Attorneys Guiding North Carolina Residents Through Inheritance Disputes
Estate litigation primarily occurs when beneficiaries contest or attempt to invalidate a will, estate, or trust. However, litigation may also be necessary in any number of circumstances. When this happens, it is not enough to be aware of the applicable statutes and laws regarding trust formation and will execution. It is also important to have the skill and knowledge to develop effective litigation strategies regarding these instruments. The estate dispute lawyers at Lohr and Lohr have assisted individuals in Raleigh and in more than 25 counties throughout North Carolina in all aspects of litigation, including pre-litigation advocacy, mediation, and conducting trials.
One of the most common legal proceedings regarding an individual’s estate is a will contest. The purpose of a will contest is to obtain a legal ruling on whether or not the instrument is valid, as well as a finding as to who is entitled to benefit from it. Several types of scenarios may lead to a will contest. For example, a decedent’s beneficiaries may have found two conflicting wills, may allege that a will has been revoked or amended, or may contend that undue influence, fraud, or lack of mental capacity affected the decedent, or testator.
First, it is important to understand that in the state of North Carolina, a will may be probated in one of two manners. The more typical of the two, probate in common form, is an informal probate procedure that does not require notice to or attendance of interested parties. The other method, probate in solemn form, requires that all interested parties be notified of the proceedings. A hearing is then conducted by the court, in which the witnesses to a will testify as to the execution of the instrument. After considering the evidence, the court will then enter an order either accepting or rejecting the will for probate.
However, a will may be challenged prior to either of these proceedings. Only an interested party, or an individual who may be entitled to benefit under the estate, may initiate a will contest. Once a will is challenged, a probate court must suspend its proceedings. Will contests can involve any number of circumstances. If there are multiple wills or testamentary documents, the court will consider all competing documents to determine which of them is valid. If the interested parties allege that the testator lacked mental capacity or was unduly influenced, a court will examine whether the testator knew and understood the effects and consequences of his or her actions. Once a court has determined the validity of a will, it may be probated.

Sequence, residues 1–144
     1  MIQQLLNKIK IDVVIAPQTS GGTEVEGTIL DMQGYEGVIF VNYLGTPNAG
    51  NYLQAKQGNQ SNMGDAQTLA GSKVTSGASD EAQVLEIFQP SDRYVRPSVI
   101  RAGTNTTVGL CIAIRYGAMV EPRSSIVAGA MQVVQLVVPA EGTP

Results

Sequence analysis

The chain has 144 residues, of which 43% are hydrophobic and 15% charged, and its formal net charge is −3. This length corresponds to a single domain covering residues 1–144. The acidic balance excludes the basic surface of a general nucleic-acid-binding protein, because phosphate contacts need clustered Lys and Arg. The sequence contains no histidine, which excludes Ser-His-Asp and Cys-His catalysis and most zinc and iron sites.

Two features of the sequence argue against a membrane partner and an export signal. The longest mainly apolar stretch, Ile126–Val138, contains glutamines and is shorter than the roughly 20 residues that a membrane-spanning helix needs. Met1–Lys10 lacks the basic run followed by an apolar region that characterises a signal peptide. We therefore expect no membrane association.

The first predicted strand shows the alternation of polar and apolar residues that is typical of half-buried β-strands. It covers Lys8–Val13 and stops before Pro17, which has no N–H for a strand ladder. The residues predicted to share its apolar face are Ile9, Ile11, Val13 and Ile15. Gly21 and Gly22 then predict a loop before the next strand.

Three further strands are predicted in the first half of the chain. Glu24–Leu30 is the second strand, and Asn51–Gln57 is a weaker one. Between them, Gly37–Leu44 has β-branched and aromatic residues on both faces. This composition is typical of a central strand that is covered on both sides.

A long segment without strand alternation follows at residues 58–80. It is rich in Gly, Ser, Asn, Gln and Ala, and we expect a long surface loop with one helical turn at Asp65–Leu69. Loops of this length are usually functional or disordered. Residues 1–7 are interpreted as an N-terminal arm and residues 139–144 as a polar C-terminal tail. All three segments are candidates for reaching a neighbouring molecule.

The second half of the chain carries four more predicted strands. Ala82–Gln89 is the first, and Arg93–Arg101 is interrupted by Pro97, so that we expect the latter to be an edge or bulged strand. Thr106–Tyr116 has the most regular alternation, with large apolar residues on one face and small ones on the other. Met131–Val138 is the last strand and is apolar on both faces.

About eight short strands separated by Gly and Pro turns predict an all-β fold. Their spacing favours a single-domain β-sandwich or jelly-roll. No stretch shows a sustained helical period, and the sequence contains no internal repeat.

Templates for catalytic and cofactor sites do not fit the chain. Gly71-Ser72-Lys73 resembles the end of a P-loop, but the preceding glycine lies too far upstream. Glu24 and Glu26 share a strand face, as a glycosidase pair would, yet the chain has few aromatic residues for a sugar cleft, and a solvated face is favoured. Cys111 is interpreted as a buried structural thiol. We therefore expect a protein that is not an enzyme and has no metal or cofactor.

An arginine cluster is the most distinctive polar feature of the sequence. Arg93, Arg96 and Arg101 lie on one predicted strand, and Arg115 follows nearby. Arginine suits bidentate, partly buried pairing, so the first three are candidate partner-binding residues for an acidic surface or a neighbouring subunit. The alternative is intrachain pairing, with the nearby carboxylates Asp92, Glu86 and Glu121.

Trust Disputes in North Carolina
Trusts are another type of estate planning instrument that often require litigation to resolve issues. Executors and trustees are roles that require the utmost good faith, diligence, and prudence. Because of this, executors and trustees are said to hold a fiduciary duty, which requires them to not only act in good faith but also distribute assets correctly and expeditiously. When there is a suspected breach of fiduciary duties, parties may seek to remove or change an executor or trustee. Tennessee law is very clear that a hearing must be held before a trustee is removed. A petition for removal must assert a ground for removing the trustee, such as the violation of a trust, mental or physical incapacity, or other good cause. At the hearing, the trustee is allowed to present evidence on his or her own behalf. A court may then make a ruling as to whether or not the trustee ought to be removed and appoint a successor trustee if necessary.
Legal action may also be required when trust assets are commingled with personal funds, or a trustee has not disclosed pertinent information. In these cases, the beneficiaries to a trust may request an “accounting” of the trust, which is a detailed description of transactions during a certain period. Litigation related to trust accounts can be highly-detailed and complex. The estate litigation attorneys at Lohr and Lohr have the skill and experience to keep your interests a priority when litigating these matters.
Litigation Involving Medical or Financial Decisions
We all want what is best for our loved ones. All adults are presumed capable of making their own legal decisions, whether financial or medical. Powers of Attorney are helpful to direct who will make decisions should an adult be unable to make their own decisions. It is important to note that a power of attorney merely allows a third party to make decisions for an adult. However, when dementia or mental illness is present, it may be necessary to remove an adult’s decision-making powers with a guardianship.
Often, family members don’t agree on who should make such decisions or what decisions should be made.
Contact a Raleigh estate litigation attorney today at (919) 348-9211.